The Performance as Protest: Exhibition Tour with Elizabeth Diggon
The Performance as Protest: Exhibition Tour with Elizabeth Diggon at the Esker Foundation opened the conversation about performance and performative gestures in art as a form of protest.
Diggon is an author and used to work at the Agnes Etherington Art Centre. She is the current Assistant Curator at the Esker Foundation, working directly with multiple artists.
Indigenous art as protest
Jeffrey Gibson, one of the artists who had artwork on display at the Esker Foundation event on Oct. 25, uses his platform to bring awareness to his Indigenous background.
“He grew up feeling kind of divorced from his Indigenous family and his Indigenous identity,” said Diggon.
Because Gibson grew up in a military family, he spent his childhood all around the world.
“When he returned to America as an adult, he felt quite ‘other’ as an indigenous queer man, which was sort of a disorienting experience for him,” said Diggon.
Gibson’s work expressed every aspect of that.
Diggons recited a quote by Hélène Cixous, a professor, poet, playwright, and philosopher. She said Cixous summed up Gibson’s approach to garmentsin a perfect way.
“Garments, not clothes. Their intention is not to cover or hide, but to make manifest the riches of the body, its treasure of signifiers.
“Like actors’ costumes, they are a visual speech, a confided secret or a confession of desires and fears.
“These fine outfits do not veil. They exalt, they celebrate, they translate feelings into jewels.”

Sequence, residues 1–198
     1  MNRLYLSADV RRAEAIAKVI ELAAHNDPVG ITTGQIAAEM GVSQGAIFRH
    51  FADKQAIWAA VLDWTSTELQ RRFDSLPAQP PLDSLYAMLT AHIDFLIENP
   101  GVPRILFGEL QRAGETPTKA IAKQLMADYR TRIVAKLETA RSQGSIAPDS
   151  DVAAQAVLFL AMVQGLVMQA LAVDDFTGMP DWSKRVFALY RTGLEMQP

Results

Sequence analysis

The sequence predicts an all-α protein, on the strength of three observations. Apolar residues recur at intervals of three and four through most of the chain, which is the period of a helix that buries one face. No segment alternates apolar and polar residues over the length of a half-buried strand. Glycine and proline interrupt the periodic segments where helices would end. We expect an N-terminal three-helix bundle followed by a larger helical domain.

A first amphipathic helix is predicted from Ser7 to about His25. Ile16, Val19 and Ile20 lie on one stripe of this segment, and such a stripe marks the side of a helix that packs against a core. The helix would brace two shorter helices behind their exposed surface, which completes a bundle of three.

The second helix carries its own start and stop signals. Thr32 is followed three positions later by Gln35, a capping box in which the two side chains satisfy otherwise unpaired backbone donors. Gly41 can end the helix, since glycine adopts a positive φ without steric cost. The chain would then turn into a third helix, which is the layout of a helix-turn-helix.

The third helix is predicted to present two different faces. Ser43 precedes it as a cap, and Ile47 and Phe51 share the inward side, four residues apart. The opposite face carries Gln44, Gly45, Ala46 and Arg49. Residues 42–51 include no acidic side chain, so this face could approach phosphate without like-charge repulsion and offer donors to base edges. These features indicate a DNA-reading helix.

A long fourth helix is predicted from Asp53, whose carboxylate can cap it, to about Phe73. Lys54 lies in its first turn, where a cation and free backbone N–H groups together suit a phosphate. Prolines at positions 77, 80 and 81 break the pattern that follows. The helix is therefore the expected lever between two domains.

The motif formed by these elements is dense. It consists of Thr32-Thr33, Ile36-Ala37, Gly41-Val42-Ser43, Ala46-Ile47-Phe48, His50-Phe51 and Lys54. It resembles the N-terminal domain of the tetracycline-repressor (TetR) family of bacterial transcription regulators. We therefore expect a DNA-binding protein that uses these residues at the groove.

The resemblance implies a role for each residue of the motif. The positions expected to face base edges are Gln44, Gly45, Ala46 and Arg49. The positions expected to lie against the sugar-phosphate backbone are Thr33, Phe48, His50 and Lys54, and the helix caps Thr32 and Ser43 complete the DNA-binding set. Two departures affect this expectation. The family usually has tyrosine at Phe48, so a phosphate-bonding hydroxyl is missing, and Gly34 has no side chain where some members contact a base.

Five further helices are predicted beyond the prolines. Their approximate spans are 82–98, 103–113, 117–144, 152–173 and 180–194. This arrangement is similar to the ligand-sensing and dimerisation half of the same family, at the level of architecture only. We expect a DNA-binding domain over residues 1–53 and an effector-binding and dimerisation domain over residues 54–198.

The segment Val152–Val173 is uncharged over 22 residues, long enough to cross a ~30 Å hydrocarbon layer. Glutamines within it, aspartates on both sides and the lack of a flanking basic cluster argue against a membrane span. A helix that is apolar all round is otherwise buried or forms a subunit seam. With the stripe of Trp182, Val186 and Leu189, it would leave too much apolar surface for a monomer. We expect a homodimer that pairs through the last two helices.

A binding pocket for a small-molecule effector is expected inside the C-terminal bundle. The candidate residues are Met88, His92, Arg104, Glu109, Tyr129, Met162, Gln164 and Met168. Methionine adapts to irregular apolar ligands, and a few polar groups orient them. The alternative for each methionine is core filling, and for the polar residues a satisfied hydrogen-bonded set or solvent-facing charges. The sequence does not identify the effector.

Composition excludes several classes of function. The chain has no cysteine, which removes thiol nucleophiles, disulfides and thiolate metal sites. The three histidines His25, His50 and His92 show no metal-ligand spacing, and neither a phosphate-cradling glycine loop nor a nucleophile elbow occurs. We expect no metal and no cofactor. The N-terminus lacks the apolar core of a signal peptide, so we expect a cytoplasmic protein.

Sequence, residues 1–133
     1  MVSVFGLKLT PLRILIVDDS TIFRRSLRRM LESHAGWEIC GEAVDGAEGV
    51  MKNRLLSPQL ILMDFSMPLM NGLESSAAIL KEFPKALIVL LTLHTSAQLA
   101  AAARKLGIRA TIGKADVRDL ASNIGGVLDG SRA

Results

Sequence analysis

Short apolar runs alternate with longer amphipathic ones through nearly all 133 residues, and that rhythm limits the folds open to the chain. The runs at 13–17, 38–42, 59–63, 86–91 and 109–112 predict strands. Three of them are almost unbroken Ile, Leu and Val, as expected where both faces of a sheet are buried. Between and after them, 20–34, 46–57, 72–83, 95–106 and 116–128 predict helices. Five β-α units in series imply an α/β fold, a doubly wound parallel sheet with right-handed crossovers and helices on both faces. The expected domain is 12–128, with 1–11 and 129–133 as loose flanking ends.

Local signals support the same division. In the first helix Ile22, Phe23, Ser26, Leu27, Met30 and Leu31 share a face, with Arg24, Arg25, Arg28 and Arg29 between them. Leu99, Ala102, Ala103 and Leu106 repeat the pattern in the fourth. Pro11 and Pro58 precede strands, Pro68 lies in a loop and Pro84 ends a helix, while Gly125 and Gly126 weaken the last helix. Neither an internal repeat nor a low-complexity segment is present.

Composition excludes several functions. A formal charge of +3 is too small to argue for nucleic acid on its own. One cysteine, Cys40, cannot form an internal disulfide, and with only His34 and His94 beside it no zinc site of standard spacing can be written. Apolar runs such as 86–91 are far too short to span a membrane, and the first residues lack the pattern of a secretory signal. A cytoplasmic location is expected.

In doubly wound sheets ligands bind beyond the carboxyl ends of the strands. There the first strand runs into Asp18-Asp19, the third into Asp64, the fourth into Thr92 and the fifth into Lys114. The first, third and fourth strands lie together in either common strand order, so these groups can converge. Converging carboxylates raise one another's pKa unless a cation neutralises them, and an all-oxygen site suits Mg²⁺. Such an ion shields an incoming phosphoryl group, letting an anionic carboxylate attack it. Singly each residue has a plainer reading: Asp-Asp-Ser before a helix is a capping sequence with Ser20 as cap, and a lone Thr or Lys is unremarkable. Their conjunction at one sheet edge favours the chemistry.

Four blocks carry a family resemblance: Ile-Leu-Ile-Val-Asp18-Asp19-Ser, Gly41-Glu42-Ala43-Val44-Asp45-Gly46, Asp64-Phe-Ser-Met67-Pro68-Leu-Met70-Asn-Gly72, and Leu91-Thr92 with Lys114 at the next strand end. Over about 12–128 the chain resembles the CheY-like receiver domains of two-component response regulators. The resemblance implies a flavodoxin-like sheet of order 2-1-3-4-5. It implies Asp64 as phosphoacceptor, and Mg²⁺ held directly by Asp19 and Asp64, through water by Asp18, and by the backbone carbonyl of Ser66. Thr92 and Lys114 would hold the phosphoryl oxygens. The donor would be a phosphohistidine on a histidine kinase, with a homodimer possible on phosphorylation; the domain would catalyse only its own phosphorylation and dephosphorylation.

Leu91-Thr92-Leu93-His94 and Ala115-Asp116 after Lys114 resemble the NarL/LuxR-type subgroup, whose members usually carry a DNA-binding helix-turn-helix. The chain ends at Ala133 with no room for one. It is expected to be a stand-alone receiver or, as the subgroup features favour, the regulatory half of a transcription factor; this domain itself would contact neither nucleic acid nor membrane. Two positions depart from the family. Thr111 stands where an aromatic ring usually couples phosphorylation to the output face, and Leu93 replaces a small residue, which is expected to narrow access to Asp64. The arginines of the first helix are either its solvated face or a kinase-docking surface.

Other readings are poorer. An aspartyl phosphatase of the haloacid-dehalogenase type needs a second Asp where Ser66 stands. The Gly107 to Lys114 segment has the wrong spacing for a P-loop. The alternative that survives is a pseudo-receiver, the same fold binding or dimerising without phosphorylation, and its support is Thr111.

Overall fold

Reactions to the tour
A member of the tour asked Diggon if the show had received different reactions in the cities it has been hosted in, and if audiences in different parts of Canada would see the relationship of Gibson’s art to the missing Indigenous women.
“The show has been received differently in different cities,” said Diggon.
“It’s important to see these kinds of collaborations.”
“This obviously has a very religious viewpoint,” said Dee Harper, an art fanatic who has attended multiple art exhibitions at the Esker Foundation.
Harper finds it problematic that there were no explanations with the artwork. The viewers must make up their own minds and interpret their own thoughts.
She found these unanswered questions while looking at the artists’ work made her critique it further.
Erika Pablo, who was a part of the exhibition tour with her friend, a textile student, found it educational and enlightening.